Weaver flip flops on Speculation Tax

PRINCE GEORGE (January 18, 2019) – Despite the Green Party voting in favour of the Speculation Tax, Leader Andrew Weaver is attempting to have his cake and eat it too by distancing himself from his party’s voting record in the midst of the Nanaimo by-election.

“Now my job is to get the NDP to recognize it’s a stupid tax and get rid of it,” Weaver said in Nanaimo this week.

“Mr. Weaver is admitting this tax is bad public policy and does not tax speculators,” said BC Liberal Finance Co-Critic Shirley Bond. “And yet when he had a chance to stop the tax and end this mess, the Green Party Leader caved.”

Weaver’s biggest let-down was a promise to give municipalities the option to exempt themselves from the Speculation Tax. During debate in the legislature, Weaver declared, “while I would have preferred for local governments to have the ability to opt out automatically, this is a compromise position that I feel I can support and my colleagues can support as well.”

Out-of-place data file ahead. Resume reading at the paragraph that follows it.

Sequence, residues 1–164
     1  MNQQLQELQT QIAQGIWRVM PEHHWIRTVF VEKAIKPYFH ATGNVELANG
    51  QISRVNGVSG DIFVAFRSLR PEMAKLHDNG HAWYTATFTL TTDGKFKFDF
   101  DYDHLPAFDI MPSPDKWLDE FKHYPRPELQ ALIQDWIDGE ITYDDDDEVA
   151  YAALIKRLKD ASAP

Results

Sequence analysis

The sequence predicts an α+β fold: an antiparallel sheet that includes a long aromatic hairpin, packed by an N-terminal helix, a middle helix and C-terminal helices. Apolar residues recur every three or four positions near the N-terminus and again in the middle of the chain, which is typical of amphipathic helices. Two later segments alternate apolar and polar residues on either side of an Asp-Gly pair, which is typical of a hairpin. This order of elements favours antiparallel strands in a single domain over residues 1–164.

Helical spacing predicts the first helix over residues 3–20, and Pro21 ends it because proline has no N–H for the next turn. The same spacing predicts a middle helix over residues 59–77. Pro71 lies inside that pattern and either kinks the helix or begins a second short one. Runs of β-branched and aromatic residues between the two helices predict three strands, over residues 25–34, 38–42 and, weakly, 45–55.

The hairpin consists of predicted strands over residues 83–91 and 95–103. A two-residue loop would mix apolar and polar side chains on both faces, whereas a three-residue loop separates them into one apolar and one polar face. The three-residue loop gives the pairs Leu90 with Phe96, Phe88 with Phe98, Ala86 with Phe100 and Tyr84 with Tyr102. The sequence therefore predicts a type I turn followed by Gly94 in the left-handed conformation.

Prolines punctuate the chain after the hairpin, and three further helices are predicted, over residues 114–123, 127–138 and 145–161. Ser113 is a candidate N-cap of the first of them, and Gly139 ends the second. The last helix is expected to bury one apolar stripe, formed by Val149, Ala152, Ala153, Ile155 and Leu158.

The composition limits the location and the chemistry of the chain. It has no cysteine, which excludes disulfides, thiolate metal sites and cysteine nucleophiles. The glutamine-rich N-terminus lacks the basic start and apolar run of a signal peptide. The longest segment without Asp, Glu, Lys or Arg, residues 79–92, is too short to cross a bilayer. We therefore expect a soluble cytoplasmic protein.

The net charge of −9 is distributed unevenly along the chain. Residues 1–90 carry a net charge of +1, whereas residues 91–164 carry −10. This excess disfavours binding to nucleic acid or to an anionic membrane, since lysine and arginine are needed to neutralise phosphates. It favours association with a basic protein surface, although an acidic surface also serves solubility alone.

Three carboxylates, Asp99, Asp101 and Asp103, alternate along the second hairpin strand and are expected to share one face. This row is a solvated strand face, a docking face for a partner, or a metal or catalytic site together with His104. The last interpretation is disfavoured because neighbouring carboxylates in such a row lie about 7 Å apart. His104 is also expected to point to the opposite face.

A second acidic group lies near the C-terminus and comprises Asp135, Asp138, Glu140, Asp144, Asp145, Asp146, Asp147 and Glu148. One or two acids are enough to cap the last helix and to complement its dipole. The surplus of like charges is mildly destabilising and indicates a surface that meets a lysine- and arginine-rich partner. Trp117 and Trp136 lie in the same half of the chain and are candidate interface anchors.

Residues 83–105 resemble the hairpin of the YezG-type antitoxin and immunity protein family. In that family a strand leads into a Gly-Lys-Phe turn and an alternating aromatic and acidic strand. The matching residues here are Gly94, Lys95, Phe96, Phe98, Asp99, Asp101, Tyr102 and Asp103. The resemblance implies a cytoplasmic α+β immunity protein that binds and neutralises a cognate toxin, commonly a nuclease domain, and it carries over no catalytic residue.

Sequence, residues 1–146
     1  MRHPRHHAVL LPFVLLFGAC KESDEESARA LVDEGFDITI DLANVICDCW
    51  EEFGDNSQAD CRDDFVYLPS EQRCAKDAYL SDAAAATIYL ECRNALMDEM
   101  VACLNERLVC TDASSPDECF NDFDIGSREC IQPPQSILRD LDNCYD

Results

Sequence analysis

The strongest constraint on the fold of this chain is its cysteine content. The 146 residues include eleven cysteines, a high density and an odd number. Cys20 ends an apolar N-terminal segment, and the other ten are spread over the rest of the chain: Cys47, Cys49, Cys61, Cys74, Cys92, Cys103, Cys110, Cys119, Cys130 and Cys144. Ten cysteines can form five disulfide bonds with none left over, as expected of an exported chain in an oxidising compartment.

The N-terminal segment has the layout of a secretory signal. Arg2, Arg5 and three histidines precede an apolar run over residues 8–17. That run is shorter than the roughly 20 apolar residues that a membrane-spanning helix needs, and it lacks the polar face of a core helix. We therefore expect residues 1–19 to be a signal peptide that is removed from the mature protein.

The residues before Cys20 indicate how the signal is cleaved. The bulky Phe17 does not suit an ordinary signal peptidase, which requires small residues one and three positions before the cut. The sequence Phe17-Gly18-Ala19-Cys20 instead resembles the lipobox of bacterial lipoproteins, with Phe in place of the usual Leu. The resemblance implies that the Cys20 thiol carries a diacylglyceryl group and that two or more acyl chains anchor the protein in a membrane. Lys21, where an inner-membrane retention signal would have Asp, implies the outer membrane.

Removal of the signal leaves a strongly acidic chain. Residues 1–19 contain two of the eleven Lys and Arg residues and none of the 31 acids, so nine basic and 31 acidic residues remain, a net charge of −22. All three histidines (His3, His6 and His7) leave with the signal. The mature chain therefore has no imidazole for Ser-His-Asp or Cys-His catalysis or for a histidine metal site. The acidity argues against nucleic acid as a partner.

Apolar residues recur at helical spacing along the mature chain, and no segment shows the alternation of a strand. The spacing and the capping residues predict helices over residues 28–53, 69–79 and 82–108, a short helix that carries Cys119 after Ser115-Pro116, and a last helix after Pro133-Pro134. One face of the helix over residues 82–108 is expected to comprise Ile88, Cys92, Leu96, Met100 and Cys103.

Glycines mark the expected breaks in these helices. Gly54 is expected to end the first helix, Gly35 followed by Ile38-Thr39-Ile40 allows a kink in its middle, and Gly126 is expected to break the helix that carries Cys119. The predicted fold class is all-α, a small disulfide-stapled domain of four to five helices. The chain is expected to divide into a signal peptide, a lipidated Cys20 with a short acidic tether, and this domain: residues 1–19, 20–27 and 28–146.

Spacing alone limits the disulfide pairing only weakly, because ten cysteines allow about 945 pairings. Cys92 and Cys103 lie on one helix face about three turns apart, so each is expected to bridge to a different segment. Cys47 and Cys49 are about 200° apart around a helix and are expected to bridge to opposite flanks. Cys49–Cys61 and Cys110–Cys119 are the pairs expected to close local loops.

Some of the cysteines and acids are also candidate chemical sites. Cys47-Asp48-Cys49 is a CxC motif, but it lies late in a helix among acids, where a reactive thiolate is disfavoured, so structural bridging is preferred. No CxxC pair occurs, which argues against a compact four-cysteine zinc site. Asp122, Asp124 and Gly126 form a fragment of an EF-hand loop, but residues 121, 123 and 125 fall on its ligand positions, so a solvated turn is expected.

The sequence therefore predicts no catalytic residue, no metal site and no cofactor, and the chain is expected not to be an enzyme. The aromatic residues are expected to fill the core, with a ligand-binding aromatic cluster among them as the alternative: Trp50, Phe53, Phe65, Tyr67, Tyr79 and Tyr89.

“Andrew Weaver is the leader of a recognized third party in the Legislature and as such, he and his party have to take responsibility for how they vote,” said Bond. “The fact of the matter is the Green Party voted in support of the Speculation Tax and now they have to explain to voters why.”

Following the recent announcement that 1.6 million homeowners will now be required to go online and prove they are not real estate speculators, local mayors and municipal councilors are voicing their objections.

“The Province is continuing to add unnecessary red tape and bureaucracy to this misguided Speculation Tax,” said Langford Mayor Stew Young. “Now it will affect 100 per cent of homeowners living in affected areas, homeowners will be presumed speculators until they declare themselves innocent, and homeowners will need to provide personal information that the Province has no business knowing. On top of all this, I can only imagine the millions of dollars it will cost to send out and process these letters to hardworking families, all while not actually adding to the supply of housing in British Columbia. It just doesn’t make sense.”

“It appears that very little thought was given to implementing the Speculation Tax and the government is making up tax policy on the fly,” added West Kelowna councillor and former mayor Doug Findlater.

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